New Reports On Sustainable Energy Efforts In Wisconsin, Wisconsin Life: Shakespeare For Kids, Eating Fruits And Veggies

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Three new reports out on sustainable energy efforts show that while Wisconsin is meeting its own goals, the Badger State is lagging behind other states when it comes to alternative energy. We talk to a reporter about these reports. Then, in our Wisconsin Life segment, we learn about an effort to introduce kids to Shakespeare. We also look at new CDC on fruit and vegetable consumption in America.

Featured in this Show

  • Environmental Reports Raise Questions About Wisconsin's Commitment To Renewable Energy

    Three recently released environmental reports have found that even though Wisconsin’s utility companies are meeting the state’s renewable energy targets, the state still lags much of the country in terms of sustainability.

    Thomas Content has written about the reports and their mixed results for the Milwaukee Journal Sentinel. He said a study conducted by the Portland-based consulting firm Clean Edge seems to be causing the most concern for renewable energy advocates.

    Content reported that according to that study, “Wisconsin’s ranking fell to 30th, down from 19th a year ago, in the firm’s state-by-state analysis of more than 70 measures of sustainability.”

    “It was one of the biggest drops in the country,” Content said Monday. “Mainly it’s because so many states are moving so rapidly to develop solar and wind technologies, and also because Wisconsin isn’t seeing as much venture capital in that space either.”

    Wisconsin’s renewable energy standard mandates that the state produces 10 percent of its power from renewable sources by the end of 2015. A report by the state Public Service Commission found that utilities hit that mark in 2013, and last year surpassed it with 11 percent.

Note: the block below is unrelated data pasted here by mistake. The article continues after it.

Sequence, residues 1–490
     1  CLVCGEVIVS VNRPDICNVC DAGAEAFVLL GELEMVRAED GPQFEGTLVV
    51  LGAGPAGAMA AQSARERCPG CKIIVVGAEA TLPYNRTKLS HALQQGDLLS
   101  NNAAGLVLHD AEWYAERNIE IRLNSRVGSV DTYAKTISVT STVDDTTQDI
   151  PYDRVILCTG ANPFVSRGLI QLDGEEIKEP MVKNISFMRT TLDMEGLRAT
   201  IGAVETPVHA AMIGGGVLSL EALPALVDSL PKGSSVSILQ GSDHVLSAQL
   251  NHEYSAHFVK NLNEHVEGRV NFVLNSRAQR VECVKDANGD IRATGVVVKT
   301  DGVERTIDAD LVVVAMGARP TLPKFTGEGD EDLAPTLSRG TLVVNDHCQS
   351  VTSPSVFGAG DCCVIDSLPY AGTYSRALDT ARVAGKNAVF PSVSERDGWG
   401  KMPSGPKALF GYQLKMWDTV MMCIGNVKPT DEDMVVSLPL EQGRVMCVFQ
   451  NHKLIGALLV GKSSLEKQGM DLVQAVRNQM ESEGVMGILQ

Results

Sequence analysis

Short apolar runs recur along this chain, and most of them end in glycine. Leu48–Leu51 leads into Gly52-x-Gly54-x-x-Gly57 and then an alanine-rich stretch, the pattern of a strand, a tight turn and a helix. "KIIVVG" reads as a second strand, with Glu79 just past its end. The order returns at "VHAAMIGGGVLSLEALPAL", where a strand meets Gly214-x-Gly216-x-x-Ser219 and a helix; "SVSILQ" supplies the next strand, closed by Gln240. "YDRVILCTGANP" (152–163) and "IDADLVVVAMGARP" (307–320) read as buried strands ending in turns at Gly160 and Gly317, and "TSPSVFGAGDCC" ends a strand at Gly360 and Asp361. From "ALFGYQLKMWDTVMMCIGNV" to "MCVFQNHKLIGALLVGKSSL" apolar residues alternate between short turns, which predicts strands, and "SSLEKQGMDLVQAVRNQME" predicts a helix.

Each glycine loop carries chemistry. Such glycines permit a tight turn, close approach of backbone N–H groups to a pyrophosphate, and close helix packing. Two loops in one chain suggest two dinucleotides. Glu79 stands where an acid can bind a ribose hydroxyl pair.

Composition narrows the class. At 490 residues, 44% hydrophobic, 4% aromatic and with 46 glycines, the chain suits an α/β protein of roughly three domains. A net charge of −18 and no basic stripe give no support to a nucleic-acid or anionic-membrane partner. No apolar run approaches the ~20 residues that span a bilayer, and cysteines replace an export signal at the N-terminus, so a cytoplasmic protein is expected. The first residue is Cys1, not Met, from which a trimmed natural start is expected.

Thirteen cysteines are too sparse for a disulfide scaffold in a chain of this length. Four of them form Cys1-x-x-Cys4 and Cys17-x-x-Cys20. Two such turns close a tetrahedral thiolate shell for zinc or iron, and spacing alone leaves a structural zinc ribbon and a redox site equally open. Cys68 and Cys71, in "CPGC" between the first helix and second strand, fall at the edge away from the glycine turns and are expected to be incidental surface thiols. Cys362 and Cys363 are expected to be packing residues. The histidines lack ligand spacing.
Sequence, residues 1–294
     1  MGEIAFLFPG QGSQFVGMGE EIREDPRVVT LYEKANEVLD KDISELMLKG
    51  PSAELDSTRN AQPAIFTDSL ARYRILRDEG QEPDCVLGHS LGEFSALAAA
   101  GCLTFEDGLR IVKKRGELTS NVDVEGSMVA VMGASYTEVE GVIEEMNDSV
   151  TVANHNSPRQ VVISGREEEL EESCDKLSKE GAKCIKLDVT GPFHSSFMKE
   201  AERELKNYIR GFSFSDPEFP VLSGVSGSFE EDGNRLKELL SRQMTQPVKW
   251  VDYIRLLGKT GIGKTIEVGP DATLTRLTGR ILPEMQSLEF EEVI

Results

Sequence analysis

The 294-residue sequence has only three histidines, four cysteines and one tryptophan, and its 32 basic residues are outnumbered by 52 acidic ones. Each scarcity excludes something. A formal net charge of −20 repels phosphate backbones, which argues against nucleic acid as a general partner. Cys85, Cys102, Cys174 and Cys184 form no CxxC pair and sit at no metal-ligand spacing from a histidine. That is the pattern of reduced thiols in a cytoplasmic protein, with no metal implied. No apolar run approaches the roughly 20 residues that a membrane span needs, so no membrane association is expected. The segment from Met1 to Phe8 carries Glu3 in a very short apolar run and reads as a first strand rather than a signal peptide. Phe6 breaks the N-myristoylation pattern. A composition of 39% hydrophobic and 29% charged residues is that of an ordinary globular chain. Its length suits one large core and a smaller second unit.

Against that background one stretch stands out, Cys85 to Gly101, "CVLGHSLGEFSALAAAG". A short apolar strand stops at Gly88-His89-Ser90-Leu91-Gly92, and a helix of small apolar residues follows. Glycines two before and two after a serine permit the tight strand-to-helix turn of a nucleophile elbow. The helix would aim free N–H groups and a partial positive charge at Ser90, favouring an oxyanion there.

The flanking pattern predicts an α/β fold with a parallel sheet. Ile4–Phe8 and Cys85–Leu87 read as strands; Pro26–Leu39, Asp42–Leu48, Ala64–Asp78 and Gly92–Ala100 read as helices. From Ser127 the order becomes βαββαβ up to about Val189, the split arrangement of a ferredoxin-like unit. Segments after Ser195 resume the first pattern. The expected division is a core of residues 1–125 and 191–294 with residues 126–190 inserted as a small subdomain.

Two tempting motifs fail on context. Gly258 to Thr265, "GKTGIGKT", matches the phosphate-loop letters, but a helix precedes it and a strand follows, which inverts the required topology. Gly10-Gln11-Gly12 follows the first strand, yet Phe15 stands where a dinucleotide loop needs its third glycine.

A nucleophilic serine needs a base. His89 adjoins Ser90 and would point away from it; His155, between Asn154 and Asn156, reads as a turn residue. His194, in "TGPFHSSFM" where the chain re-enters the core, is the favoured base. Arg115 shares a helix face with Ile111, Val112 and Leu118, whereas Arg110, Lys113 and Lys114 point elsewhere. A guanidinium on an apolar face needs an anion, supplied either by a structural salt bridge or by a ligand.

Sources reportedly told Content that while they were happy the state met its goals, they question whether or not Wisconsin should have higher standards.

    “There are other states such as Minnesota and Iowa that have moved to a 25 percent standard and even higher. California actually just adopted a 50 percent standard, in part because they’re moving more aggressively on greenhouse gases,” he said.

    The third report, by the Wisconsin Sustainable Business Council, found that Wisconsin is the 10th most coal-dependent state in the nation.

    “That’s been our history and our manufacturing heritage to power our economy. And in the last 10 years or so, we’ve seen new coal plants built near Wausau and in Oak Creek,” Content said.

    A possible challenge to curbing fossil fuel dependence, said Content, are the studies findings that Wisconsin may not have the same capacity as other states to harvest natural resources, especially wind power. However, he said the Mid-West Energy Research Consortium — a new partnership between the state, universities and several utility companies — could lead to more renewable energy infrastructure throughout the state.

  • Wisconsin Life: Shakespeare For Kids

    In today’s Wisconsin Life we talk to a Milwaukee-based actor and director about his experience traveling the state introducing kids to the works of Shakespeare.

  • CDC Report Shows Americans Aren't Eating Their Fruits And Vegetables

    New data out from the Centers for Disease Control and Prevention confirm something that our parents suspected all along: we’re just not eating enough of our fruits and vegetables. According to the CDC, less than 15% of Americans are eating enough fruit, and an even lower number are eating enough vegetables. A nutrionist makes the case for increasing fruit and veggie intake, and talks about overcoming the barriers to eating better.

Episode Credits

  • Rob Ferrett Host
  • Veronica Rueckert Host
  • Amanda Magnus Producer
  • Karl Christenson Producer
  • Chris Malina Producer
  • Tom Content Guest
  • Ron Scot Fry Guest
  • Beth Olson Guest